J Korean Ophthalmol Soc > Volume 51(7); 2010 > Article
Journal of the Korean Ophthalmological Society 2010;51(7):927-934.
DOI: https://doi.org/10.3341/jkos.2010.51.7.927    Published online July 15, 2010.
Age-related Clinical Analysis of Infectious Keratitis in Two Tertiary Centers.
Jong Youn Kim, Kyung Chul Yoon, Yeoung Geol Park, Nam Chun Cho, In Cheon You
1Department of Ophthalmology, Chonbuk National University Medical School, Jeonju, Korea. you2ic@paran.com
2Department of Ophthalmology, Chonnam National University Medical School and Hospital, Gwangju, Korea.
나이에 따른 감염각막염 환자의 임상분석: 2병원 연구
Department of Ophthalmology, Chonbuk National University Medical School1, Jeonju, Korea Department of Ophthalmology, Chonnam National University Medical School and Hospital2, Gwangju, Korea
To evaluate the age-related risk factors, clinical manifestations, and prognosis in infectious keratitis. METHODS: Records of patients with infectious keratitis who visited one of the two tertiary medical centers at Jeolla-do from January 2000 to December 2007 were reviewed. Risk factors depending on patient age distribution standardized over and under the age of 60 were reviewed retrospectively by analyzing sex, age, previous history of trauma, systemic disease, previous ocular disease, causative organism and treatment. RESULTS: A total of 757 patients (757 eyes) visited either one of the two tertiary medical centers. The mean age was 58.2+/-18.0 (4 to 93) years, and patients included 437 males (57.7%), and 320 females (42.3%). The most common risk factor among all age groups was trauma, especially due to vegetable matter. The second most frequent risk factor among the younger patients was contact lens use (19.2%), and common risk factors among the elderly were previous ocular disease (20.0%), systemic disease (15.5%), and ocular surgery (9.7%). The most prevalent causative organisms among all age groups were Gram-positive bacteria, in particular Staphylococcus epidermidis. Elderly patients had a higher frequency of corneal perforation than did younger patients. In addition, elderly patients had a worse prognosis and more often required surgical treatment. CONCLUSIONS: Infectious keratitis has more severe clinical manifestations and complications and a worse prognosis in elderly than in younger patients. Elderly patients have more diverse risk factors. Prevention should aim at avoiding ocular trauma, especially by vegetable matter, and at controlling ocular surface diseases, such as exposure keratitis and bullous keratopathy.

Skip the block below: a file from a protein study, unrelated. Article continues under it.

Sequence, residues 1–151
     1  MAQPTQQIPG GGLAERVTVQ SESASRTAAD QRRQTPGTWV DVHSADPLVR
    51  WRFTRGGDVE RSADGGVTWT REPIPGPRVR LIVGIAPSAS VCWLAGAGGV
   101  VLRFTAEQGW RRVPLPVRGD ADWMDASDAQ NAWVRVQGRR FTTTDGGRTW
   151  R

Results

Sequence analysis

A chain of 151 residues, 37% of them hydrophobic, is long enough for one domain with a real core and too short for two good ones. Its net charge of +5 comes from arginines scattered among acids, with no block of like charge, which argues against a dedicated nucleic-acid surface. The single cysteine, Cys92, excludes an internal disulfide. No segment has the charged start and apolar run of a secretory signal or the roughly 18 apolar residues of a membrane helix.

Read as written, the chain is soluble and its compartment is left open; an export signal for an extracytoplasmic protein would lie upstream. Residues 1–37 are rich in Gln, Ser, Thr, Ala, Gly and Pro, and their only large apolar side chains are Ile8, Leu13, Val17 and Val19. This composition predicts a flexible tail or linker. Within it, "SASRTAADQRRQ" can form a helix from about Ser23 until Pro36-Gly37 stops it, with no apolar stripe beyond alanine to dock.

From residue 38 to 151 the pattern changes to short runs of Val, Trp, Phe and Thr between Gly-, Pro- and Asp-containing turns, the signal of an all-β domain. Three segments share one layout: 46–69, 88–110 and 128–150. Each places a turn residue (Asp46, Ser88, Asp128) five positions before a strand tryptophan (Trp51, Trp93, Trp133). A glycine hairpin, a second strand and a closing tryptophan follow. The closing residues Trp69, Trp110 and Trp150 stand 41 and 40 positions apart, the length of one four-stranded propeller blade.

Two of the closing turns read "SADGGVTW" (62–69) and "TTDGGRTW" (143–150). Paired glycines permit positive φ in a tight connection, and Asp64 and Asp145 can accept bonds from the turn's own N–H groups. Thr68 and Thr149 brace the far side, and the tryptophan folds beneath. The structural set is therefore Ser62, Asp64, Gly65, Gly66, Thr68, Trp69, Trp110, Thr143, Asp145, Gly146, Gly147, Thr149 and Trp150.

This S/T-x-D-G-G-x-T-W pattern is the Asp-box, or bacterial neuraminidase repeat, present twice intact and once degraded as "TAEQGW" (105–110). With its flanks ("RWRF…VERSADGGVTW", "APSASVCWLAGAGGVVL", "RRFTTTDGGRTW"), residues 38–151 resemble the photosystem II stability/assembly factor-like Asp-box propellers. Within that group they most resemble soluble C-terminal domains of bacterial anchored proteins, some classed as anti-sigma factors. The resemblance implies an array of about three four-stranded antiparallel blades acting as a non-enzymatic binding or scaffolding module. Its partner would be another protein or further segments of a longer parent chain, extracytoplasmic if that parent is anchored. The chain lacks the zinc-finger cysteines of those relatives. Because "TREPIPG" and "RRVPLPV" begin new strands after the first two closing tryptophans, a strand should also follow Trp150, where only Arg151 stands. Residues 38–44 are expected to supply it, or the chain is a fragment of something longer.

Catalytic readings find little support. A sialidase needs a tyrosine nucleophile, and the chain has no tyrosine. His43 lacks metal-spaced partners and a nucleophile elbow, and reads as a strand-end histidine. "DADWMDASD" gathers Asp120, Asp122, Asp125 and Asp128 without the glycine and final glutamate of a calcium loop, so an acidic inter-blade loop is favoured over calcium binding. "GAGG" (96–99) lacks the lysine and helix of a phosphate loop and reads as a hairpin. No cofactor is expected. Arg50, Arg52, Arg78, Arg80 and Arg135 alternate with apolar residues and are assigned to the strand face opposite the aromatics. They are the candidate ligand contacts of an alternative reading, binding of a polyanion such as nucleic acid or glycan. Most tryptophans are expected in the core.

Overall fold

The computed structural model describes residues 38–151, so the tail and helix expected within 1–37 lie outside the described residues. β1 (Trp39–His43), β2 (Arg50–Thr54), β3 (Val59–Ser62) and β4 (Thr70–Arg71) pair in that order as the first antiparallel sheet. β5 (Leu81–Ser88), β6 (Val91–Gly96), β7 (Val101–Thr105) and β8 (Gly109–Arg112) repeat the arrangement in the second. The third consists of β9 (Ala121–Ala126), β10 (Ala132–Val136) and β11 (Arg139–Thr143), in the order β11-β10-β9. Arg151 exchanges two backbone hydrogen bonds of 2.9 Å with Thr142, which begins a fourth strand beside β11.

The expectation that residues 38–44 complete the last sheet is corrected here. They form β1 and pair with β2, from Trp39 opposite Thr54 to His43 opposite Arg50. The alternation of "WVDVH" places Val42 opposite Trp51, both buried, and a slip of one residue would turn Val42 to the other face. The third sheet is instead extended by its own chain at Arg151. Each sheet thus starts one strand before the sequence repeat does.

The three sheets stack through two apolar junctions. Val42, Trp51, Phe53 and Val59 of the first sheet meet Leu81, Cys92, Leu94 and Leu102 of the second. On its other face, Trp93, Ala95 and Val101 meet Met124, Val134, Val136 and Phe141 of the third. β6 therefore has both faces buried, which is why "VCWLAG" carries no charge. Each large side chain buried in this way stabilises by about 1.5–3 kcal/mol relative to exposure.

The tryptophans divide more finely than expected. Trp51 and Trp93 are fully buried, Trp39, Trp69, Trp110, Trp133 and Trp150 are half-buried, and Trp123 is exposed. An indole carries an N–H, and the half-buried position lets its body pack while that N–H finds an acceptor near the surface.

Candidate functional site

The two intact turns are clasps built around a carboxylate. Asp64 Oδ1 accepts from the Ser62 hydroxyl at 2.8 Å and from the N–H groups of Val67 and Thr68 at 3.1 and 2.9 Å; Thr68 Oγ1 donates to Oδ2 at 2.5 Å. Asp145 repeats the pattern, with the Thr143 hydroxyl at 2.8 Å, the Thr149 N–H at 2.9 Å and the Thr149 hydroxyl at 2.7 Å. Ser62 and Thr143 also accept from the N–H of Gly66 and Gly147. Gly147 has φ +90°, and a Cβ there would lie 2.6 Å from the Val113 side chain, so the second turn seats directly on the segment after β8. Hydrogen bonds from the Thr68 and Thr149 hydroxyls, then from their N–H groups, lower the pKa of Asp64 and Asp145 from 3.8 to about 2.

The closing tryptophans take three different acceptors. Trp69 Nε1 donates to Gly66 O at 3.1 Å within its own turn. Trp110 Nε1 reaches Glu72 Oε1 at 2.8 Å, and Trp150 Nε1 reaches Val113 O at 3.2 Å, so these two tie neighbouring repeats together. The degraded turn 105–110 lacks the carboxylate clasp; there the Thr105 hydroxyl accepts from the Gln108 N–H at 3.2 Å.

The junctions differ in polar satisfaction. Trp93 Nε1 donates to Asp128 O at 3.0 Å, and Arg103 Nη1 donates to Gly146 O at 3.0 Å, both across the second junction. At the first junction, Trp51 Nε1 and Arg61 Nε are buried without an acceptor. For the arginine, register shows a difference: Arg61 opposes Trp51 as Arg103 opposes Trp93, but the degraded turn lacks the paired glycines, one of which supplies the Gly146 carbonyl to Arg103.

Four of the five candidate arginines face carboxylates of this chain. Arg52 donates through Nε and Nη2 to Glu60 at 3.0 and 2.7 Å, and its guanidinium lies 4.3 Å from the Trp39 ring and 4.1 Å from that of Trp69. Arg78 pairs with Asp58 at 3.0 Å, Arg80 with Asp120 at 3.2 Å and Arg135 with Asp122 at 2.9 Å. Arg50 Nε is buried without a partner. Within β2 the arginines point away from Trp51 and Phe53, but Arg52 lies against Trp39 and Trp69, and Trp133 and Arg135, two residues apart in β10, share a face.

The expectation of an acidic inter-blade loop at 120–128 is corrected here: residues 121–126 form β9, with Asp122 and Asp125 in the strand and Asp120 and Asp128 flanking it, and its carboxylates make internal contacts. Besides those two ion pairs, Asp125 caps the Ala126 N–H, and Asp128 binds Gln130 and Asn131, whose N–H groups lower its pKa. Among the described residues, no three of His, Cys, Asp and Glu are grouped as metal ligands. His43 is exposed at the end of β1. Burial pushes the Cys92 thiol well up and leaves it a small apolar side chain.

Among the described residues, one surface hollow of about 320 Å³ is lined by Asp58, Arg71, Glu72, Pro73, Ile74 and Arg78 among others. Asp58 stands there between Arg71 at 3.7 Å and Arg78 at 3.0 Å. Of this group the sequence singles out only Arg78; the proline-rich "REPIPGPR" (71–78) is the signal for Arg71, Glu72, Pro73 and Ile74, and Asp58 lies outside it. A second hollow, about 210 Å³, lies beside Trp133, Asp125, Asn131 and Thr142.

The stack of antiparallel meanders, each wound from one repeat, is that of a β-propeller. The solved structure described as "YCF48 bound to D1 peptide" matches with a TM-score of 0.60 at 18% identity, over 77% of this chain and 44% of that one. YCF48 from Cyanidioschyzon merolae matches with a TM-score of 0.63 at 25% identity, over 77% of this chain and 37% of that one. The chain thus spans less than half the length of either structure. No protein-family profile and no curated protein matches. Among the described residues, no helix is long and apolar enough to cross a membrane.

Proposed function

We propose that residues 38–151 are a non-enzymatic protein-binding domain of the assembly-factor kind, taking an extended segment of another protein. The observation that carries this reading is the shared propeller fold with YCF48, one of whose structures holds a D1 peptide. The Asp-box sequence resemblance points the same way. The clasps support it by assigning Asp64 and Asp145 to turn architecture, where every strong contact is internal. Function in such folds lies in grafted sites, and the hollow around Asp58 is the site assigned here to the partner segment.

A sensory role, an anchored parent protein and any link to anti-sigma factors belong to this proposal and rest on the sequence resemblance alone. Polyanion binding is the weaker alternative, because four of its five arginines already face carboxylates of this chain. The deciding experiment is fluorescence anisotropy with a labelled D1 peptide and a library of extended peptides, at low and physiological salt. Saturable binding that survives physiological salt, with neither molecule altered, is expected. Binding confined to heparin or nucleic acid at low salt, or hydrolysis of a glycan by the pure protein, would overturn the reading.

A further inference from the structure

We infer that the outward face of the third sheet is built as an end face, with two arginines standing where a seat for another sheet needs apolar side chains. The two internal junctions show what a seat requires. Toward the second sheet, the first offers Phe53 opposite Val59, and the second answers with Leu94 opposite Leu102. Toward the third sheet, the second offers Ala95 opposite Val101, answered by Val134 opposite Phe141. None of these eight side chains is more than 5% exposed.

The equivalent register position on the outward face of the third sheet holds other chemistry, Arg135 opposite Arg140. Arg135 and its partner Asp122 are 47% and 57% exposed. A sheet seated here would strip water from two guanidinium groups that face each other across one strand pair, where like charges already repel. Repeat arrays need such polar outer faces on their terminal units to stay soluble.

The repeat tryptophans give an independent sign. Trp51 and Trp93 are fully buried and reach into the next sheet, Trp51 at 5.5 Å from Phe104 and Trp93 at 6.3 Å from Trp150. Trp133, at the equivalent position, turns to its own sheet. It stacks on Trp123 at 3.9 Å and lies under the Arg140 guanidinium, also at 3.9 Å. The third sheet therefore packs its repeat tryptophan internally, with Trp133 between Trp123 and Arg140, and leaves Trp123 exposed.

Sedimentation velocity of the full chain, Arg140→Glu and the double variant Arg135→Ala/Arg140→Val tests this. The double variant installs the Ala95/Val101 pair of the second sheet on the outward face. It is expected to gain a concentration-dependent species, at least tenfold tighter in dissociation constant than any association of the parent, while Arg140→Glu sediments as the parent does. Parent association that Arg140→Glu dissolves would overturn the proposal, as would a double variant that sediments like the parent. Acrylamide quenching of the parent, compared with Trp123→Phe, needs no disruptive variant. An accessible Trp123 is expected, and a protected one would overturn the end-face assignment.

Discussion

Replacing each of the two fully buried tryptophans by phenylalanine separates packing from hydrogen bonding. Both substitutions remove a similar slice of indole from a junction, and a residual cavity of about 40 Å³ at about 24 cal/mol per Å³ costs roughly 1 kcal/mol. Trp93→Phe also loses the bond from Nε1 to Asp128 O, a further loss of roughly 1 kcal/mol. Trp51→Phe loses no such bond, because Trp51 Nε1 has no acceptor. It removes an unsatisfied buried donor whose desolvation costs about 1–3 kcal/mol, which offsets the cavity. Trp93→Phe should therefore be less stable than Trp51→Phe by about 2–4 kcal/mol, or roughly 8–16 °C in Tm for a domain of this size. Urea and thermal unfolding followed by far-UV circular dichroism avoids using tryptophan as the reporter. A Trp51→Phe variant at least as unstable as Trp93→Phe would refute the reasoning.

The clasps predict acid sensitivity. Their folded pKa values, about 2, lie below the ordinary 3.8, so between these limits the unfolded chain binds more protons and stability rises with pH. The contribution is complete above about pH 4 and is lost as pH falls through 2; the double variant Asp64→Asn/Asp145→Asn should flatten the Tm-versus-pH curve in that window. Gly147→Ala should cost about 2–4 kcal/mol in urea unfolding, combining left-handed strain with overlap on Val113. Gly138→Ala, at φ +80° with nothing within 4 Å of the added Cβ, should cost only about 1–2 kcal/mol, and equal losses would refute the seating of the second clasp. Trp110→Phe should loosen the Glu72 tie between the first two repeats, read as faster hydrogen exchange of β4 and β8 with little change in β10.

Key Words: Age group;Infectious keratitis;Prognosis;Risk factor

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